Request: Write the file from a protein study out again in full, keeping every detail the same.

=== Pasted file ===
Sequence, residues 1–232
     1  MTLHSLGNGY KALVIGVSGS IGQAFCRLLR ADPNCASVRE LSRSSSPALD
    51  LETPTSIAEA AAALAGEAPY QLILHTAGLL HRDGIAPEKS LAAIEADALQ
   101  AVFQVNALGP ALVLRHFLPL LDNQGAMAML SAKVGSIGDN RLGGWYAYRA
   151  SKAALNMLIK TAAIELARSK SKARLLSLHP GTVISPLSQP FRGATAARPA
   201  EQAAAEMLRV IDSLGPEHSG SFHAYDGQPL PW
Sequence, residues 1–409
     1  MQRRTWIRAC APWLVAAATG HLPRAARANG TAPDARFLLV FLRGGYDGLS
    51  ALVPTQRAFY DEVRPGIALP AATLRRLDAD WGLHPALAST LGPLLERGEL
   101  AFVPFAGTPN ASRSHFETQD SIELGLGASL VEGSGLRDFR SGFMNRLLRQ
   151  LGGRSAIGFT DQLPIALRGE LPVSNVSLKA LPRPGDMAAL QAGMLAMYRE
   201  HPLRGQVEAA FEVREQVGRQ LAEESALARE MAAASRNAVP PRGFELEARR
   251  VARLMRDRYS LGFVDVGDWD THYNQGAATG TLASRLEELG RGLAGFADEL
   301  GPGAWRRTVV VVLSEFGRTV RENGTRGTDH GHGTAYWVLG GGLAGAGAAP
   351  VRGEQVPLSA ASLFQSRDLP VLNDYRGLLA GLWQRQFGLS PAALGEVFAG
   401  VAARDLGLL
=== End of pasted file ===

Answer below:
Sequence, residues 1–232
     1  MTLHSLGNGY KALVIGVSGS IGQAFCRLLR ADPNCASVRE LSRSSSPALD
    51  LETPTSIAEA AAALAGEAPY QLILHTAGLL HRDGIAPEKS LAAIEADALQ
   101  AVFQVNALGP ALVLRHFLPL LDNQGAMAML SAKVGSIGDN RLGGWYAYRA
   151  SKAALNMLIK TAAIELARSK SKARLLSLHP GTVISPLSQP FRGATAARPA
   201  EQAAAEMLRV IDSLGPEHSG SFHAYDGQPL PW
Sequence, residues 1–409
     1  MQRRTWIRAC APWLVAAATG HLPRAARANG TAPDARFLLV FLRGGYDGLS
    51  ALVPTQRAFY DEVRPGIALP AATLRRLDAD WGLHPALAST LGPLLERGEL
   101  AFVPFAGTPN ASRSHFETQD SIELGLGASL VEGSGLRDFR SGFMNRLLRQ
   151  LGGRSAIGFT DQLPIALRGE LPVSNVSLKA LPRPGDMAAL QAGMLAMYRE
   201  HPLRGQVEAA FEVREQVGRQ LAEESALARE MAAASRNAVP PRGFELEARR
   251  VARLMRDRYS LGFVDVGDWD THYNQGAATG TLASRLEELG RGLAGFADEL
   301  GPGAWRRTVV VVLSEFGRTV RENGTRGTDH GHGTAYWVLG GGLAGAGAAP
   351  VRGEQVPLSA ASLFQSRDLP VLNDYRGLLA GLWQRQFGLS PAALGEVFAG
   401  VAARDLGLL